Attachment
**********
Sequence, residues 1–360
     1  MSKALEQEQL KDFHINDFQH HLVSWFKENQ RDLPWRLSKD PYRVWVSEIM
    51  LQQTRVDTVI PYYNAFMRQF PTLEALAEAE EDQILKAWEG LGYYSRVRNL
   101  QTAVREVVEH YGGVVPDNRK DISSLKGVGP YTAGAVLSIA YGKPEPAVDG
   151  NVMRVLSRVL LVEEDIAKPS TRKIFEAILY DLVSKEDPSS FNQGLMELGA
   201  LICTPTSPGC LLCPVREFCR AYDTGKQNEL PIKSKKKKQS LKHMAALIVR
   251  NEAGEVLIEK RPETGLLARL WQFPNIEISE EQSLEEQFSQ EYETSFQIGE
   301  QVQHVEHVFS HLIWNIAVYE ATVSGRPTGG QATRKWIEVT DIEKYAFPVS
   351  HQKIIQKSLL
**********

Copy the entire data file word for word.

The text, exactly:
Sequence, residues 1–360
     1  MSKALEQEQL KDFHINDFQH HLVSWFKENQ RDLPWRLSKD PYRVWVSEIM
    51  LQQTRVDTVI PYYNAFMRQF PTLEALAEAE EDQILKAWEG LGYYSRVRNL
   101  QTAVREVVEH YGGVVPDNRK DISSLKGVGP YTAGAVLSIA YGKPEPAVDG
   151  NVMRVLSRVL LVEEDIAKPS TRKIFEAILY DLVSKEDPSS FNQGLMELGA
   201  LICTPTSPGC LLCPVREFCR AYDTGKQNEL PIKSKKKKQS LKHMAALIVR
   251  NEAGEVLIEK RPETGLLARL WQFPNIEISE EQSLEEQFSQ EYETSFQIGE
   301  QVQHVEHVFS HLIWNIAVYE ATVSGRPTGG QATRKWIEVT DIEKYAFPVS
   351  HQKIIQKSLL